Using the Sediment Quality Triad to characterize baseline conditions in the Anacostia River, Washington, DC, USA

  • Beth L. McGee
  • Alfred E. Pinkney
  • David J. Velinsky
  • Jeffrey T. F. Ashley
  • Daniel J. Fisher
  • Leonard C. Ferrington
  • Teresa J. Norberg-King


The Sediment Quality Triad (SQT) consists of complementary measures of sediment chemistry, benthic community structure, and sediment toxicity. We applied the SQT at 20 stations in the tidal portion of the Anacostia River from Bladensburg, MD to Washington, DC to establish a baseline of conditions to evaluate the effects of management actions. Sediment toxicity was assessed using 10-day survival and growth tests with the freshwater amphipod, Hyalella azteca and the midge, Chironomus dilutus. Triplicate grabs were taken at each station for benthic community analysis and the Benthic Index of Biotic Integrity (B-IBI) was used to interpret the data. Only one station, #92, exhibited toxicity related to sediment contamination. Sediments from this station significantly inhibited growth of both test species, had the highest concentrations of contaminants, and had a degraded benthic community, indicated by a B-IBI of less than 3. Additional sediment from this station was tested and sediment toxicity identification evaluation (TIE) procedures tentatively characterized organic compounds as the cause of toxicity. Overall, forty percent of the stations were classified as degraded by the B-IBI. However, qualitative and quantitative comparisons with sediment quality benchmarks indicated no clear relationship between benthic community health and contaminant concentrations. This study provides a baseline for assessing the effectiveness of management actions in the Anacostia River.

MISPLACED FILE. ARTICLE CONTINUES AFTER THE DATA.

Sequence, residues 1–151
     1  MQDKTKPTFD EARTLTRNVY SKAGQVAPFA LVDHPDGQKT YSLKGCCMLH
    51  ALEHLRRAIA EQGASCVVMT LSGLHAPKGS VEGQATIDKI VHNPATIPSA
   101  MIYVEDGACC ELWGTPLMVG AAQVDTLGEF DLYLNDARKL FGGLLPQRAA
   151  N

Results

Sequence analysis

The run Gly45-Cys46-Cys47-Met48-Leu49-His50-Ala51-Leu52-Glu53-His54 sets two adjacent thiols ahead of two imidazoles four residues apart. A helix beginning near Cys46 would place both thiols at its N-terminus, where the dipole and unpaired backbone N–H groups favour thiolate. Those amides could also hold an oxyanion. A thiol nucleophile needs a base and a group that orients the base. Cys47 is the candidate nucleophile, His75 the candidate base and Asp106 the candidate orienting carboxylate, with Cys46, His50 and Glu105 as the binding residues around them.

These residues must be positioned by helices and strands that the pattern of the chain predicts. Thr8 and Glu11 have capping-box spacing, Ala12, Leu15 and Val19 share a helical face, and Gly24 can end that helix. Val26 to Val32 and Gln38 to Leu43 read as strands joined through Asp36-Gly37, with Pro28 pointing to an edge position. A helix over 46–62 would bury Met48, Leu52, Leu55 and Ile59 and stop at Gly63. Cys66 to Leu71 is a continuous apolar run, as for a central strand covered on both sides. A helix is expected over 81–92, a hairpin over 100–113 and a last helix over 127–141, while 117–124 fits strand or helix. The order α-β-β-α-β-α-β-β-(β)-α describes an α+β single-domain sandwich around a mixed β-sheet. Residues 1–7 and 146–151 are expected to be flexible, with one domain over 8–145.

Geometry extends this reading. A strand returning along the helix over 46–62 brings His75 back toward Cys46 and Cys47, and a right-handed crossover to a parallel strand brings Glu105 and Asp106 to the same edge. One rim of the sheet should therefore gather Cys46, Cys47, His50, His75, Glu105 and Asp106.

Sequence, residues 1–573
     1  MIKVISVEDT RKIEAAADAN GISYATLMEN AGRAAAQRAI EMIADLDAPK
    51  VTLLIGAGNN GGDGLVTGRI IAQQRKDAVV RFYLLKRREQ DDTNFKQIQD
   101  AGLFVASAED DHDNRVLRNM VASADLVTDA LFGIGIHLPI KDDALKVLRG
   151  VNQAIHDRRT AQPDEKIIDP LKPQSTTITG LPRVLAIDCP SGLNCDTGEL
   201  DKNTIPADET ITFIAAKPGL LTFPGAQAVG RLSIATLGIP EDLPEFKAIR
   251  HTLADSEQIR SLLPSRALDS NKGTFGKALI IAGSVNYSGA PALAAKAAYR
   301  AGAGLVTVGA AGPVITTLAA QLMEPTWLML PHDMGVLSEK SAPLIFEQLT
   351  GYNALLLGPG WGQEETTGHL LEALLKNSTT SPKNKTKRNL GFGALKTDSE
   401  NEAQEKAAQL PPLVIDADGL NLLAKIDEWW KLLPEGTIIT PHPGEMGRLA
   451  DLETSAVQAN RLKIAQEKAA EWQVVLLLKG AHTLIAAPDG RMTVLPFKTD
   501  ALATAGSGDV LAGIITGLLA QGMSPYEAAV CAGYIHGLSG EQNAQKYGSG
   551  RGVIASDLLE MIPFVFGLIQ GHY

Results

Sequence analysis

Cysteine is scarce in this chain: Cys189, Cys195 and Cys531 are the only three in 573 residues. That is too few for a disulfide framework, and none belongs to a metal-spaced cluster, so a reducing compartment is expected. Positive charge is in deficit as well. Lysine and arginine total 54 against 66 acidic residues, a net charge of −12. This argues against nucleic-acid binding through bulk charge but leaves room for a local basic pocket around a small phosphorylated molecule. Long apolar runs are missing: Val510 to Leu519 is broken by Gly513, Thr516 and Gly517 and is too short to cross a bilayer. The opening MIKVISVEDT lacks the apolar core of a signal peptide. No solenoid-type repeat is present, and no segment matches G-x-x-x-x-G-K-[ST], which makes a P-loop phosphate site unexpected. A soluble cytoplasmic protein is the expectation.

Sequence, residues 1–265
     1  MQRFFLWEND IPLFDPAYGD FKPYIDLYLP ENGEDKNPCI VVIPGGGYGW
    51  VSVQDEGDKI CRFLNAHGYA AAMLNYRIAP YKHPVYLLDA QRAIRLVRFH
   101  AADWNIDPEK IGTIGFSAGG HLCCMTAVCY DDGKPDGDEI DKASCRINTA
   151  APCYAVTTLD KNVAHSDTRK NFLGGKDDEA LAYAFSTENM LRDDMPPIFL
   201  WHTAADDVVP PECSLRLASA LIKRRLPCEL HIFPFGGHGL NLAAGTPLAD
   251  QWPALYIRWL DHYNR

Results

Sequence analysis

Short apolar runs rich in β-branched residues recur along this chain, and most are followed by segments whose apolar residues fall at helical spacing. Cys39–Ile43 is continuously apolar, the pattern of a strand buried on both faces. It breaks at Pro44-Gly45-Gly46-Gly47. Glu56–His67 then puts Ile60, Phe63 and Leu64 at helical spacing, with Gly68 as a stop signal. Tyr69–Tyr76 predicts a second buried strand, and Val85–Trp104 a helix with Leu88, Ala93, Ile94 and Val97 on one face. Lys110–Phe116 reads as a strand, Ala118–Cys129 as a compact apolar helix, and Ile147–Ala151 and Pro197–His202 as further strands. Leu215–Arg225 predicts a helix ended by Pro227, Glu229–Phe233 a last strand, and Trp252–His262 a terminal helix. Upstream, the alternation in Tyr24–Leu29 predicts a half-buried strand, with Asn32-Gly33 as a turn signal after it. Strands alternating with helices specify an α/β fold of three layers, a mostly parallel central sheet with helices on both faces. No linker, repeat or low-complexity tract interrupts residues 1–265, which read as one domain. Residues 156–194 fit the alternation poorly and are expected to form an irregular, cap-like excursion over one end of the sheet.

Anacostia River Sediment Quality Triad Benthic community Toxicity identification evaluation 


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Copyright information

© Springer Science+Business Media B.V. 2008

Authors and Affiliations

  • Beth L. McGee
    • 1
    • 6
  • Alfred E. Pinkney
    • 1
  • David J. Velinsky
    • 2
  • Jeffrey T. F. Ashley
    • 2
  • Daniel J. Fisher
    • 3
  • Leonard C. Ferrington
    • 4
  • Teresa J. Norberg-King
    • 5
  1. 1.US Fish and Wildlife ServiceChesapeake Bay, Field OfficeAnnapolisUSA
  2. 2.Academy of Natural Sciences—Patrick CenterPhiladelphiaUSA
  3. 3.Wye Research and Education CenterUniversity of MarylandQueenstownUSA
  4. 4.Department of EntomologyUniversity of MinnesotaSaint PaulUSA
  5. 5.Mid-Continent Ecology DivisionUS Environmental Protection AgencyDuluthUSA
  6. 6.Chesapeake Bay FoundationAnnapolisUSA

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